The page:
Prompted replies for 30DBC, Journalistic Intentions, et al.
|September 18 Prompt: Take us through a day in your life at your job/career. Talk about some of the more important responsibilities you have as well as what your major tasks entail. It’s always interesting to see how others work.
The best answer to this prompt requires us to talk that bespectacled pet boy, Sherman, into getting the key to the Wayback Machine without waking up Mr. Peabody (who would undoubtedly bark up a storm and forbid usage of said time machine, all the while quoting some obscure parable or phrase and turning it into a cringeworthy pun worthy of I'm A GrueSum1). Nine years ago, I worked in the Mail Room of a financial services company. On most days, an abundance of frenetic activity was front-loaded into the morning and early-afternoon hours, with the rest of the day being relatively calm. However...
Perhaps you've heard of 'Triple witching', the simultaneous expiration of stock options, stock index futures, and stock index options contracts all on the same trading day. Those days are the third Friday of March, June, September and December. The companies that make Pepto Bismol, Maalox, Mylanta, etc. probably love these days, as they almost guarantee ridiculously-high levels of stress-induced stomach acid in stock traders with concomitant purchases of said remedies. Our company's version was the actual end of each calendar quarter, as that's when monthly and quarterly statements, along with their various inserts, would be generated in the tens of thousands.
The set-up: To ensure the highest level of 'fun' is described in the following passage, we're going to assume a) it's the first workday of January, b) it's my week to be in early (no later than 7:00am), and c) I'm not taking the car for some reason.
Wake-up call is at 0430 hours, followed immediately by a trip to the window to confirm the sidewalks and streets are still covered with snow. Check. Shaving and dressing operations follow, with a planned departure time of 5:00-5:05am to get to the bus stop three-fourths of a mile away by 5:35am. Leaving later than 5:05am will require at least some jogging. I've left as late as 5:15am, which required jogging the entire way. Fortunately, the initial third of the distance is level and the remainder is downhill. I catch the bus, stay awake in the toasty bus for the next half hour, and then enjoy a crisp quarter-mile walk to the office through mostly drifted and unplowed snow. Although the cold and piles of snow motivate me to walk quickly, I can't arrive too early, as it's frowned upon.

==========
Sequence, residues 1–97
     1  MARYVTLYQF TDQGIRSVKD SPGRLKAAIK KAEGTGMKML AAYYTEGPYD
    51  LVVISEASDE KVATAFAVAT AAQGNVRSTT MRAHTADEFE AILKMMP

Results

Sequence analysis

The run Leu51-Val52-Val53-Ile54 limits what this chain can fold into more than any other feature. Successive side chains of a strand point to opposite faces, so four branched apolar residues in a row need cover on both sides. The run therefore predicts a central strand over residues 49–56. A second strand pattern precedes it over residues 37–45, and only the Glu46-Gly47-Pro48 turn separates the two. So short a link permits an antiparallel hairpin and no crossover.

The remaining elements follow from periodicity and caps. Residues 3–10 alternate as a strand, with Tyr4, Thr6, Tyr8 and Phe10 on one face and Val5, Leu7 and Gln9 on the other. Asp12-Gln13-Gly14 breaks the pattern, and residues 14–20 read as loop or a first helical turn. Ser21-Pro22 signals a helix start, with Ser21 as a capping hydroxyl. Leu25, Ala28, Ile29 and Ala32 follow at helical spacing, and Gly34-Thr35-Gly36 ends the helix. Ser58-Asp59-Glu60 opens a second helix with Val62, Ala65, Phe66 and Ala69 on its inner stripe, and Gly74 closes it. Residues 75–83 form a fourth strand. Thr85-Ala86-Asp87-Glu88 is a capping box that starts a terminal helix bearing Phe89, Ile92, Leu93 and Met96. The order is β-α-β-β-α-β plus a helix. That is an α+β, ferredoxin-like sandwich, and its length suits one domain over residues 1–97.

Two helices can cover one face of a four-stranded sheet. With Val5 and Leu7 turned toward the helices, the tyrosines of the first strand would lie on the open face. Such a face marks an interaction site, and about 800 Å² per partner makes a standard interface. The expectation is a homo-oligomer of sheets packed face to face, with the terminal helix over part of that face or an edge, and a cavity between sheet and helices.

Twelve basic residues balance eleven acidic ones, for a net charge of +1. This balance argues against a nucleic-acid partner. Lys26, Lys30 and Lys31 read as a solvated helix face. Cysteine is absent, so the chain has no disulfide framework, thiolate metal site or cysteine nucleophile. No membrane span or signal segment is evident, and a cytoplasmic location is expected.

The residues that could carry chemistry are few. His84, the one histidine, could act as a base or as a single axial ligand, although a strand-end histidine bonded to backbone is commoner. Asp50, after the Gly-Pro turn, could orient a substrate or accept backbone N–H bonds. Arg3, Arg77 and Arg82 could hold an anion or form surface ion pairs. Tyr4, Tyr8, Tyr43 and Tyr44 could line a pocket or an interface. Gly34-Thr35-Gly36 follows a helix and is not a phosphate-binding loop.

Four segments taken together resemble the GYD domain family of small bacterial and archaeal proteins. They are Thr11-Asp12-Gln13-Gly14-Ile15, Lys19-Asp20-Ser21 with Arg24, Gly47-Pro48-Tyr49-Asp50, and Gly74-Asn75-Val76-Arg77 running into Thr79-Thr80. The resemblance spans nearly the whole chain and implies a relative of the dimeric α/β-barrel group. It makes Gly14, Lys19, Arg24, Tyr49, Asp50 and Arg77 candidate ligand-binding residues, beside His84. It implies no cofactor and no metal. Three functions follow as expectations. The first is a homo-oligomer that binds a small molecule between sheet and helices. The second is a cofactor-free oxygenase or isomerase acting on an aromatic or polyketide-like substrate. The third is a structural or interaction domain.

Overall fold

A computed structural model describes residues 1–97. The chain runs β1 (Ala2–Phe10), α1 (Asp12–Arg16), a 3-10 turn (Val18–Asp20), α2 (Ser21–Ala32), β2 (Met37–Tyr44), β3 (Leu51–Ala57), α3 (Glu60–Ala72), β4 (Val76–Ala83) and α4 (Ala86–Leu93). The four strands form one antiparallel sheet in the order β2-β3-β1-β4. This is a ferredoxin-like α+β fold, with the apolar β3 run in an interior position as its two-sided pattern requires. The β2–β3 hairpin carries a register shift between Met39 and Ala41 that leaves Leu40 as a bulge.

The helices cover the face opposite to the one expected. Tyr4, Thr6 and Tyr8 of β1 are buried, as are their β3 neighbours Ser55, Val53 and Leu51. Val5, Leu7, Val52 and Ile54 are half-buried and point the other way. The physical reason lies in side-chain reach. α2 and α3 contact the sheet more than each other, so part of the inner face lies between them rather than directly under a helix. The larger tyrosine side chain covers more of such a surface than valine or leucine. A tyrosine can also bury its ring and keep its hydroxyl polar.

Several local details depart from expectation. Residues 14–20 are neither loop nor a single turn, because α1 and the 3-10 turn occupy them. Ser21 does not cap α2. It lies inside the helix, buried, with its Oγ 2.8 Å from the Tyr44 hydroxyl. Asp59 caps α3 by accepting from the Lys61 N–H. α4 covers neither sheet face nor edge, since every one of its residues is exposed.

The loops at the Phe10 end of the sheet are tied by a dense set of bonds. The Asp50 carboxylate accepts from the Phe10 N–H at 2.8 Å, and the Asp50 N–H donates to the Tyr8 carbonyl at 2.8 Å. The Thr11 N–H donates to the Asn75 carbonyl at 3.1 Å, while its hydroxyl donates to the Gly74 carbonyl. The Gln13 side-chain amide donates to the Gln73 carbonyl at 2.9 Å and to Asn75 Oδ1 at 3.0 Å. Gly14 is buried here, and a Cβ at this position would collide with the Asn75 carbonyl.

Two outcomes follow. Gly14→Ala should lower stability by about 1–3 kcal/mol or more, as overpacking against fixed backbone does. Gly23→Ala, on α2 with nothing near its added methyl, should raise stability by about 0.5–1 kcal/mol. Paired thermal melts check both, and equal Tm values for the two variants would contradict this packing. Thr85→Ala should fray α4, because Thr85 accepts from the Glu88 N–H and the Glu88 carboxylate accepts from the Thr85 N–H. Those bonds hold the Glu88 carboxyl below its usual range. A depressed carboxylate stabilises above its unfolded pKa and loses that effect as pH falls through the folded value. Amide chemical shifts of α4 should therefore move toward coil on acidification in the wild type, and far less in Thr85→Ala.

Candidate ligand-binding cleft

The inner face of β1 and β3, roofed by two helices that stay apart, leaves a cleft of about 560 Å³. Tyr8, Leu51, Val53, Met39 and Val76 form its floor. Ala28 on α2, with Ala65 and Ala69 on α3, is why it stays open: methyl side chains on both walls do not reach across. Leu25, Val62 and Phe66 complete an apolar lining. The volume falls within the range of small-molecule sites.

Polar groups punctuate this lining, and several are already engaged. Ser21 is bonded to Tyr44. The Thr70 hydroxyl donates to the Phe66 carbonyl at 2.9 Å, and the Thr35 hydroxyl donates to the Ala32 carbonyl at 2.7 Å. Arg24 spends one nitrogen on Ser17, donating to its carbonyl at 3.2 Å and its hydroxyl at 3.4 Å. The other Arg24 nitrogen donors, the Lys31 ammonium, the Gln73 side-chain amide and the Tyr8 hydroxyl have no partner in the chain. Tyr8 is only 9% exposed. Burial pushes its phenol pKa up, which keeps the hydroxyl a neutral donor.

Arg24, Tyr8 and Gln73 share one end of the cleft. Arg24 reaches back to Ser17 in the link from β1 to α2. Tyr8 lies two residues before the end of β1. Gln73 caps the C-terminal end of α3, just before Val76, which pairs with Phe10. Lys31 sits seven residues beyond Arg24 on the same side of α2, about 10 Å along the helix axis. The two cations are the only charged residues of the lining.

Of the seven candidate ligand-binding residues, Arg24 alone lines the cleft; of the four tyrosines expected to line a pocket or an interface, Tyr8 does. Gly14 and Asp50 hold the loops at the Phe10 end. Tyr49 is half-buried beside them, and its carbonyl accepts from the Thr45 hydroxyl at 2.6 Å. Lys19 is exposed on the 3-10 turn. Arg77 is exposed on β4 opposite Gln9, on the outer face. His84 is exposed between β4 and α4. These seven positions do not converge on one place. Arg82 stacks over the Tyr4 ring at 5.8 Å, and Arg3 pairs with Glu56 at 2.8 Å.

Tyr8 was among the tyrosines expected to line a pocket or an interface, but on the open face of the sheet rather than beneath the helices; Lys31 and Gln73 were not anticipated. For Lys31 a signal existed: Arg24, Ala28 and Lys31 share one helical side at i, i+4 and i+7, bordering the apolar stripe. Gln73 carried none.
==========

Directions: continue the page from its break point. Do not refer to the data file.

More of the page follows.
I arrive at the loading dock, tap my access card at the door, go in and start hitting the lights. Since it's the first workday of the month, the postage meters have to be read; there's a small trick to it. Since it's also a new year, however, there's a slightly different trick. Everything works as it should, I record the numbers in the logs and move on. I move around the room, making sure there are boxes of the various sizes of envelopes we'll need available for use. Now it's time to put the coat and gloves back on, grab the keys to the minivan (mail truck) and the ice scraper snow brush for the trip to the post office and early-mail pickup. This usually consists of at least two corrugated plastic buckets and two or three mail trays.
Back in the mail room, I greet the rest of the crew and hand off the mail to be sorted: checks, statements and investment instructions to be scanned and processed, and other mail to be delivered. Then it's back to the truck and off to pick up our FedEx and UPS packages, which also contain checks, etc., and back to the Mail Room for processing. As I open the loading dock door, I'm greeted by the clackety-clackety-clack of the inserters and metering machines. This is a good thing. If we can hear ourselves think, and communicate without shouting, we all know something's wrong.
There are wheeled three-tier carts with four-foot wide shelves everywhere, all loaded with statements. Waiting to be added to the mix are the special items we process for the State of Colorado. They're vouchers, they're printed on one of three kinds of special stock - and they have to be perfect. The pressure's on to clear the rolling carts, as there are more statements waiting in Print Ops. So, they get staged at the appropriate machine, moved around sorted, stuffed and packed into outgoing mail trays and buckets. These are then loaded into tall metal cages that will eventually make their way to the loading dock for the regular mail guy to pick up. It's like a mail-based habitrail of people and carts going this way and that.
Eventually, 5:00pm approaches and we shut down for the day. At least eight metal cages loaded with statements are awaiting pick up; the UPS driver will have his or her own little bundles of joy, as well. The few FedEx packages will go in the dropbox located down the street. I'm happy to drop them in on my way to the bus stop and a toasty ride home. I'm not especially looking forward to that final trek, though. Although the high school maintenance guy will have plowed their sidewalks with their riding lawnmower cum snowplow, you can't count on the residents to have done the same. Ah, well.
The insanity lasts about four days; the snow, somewhat longer.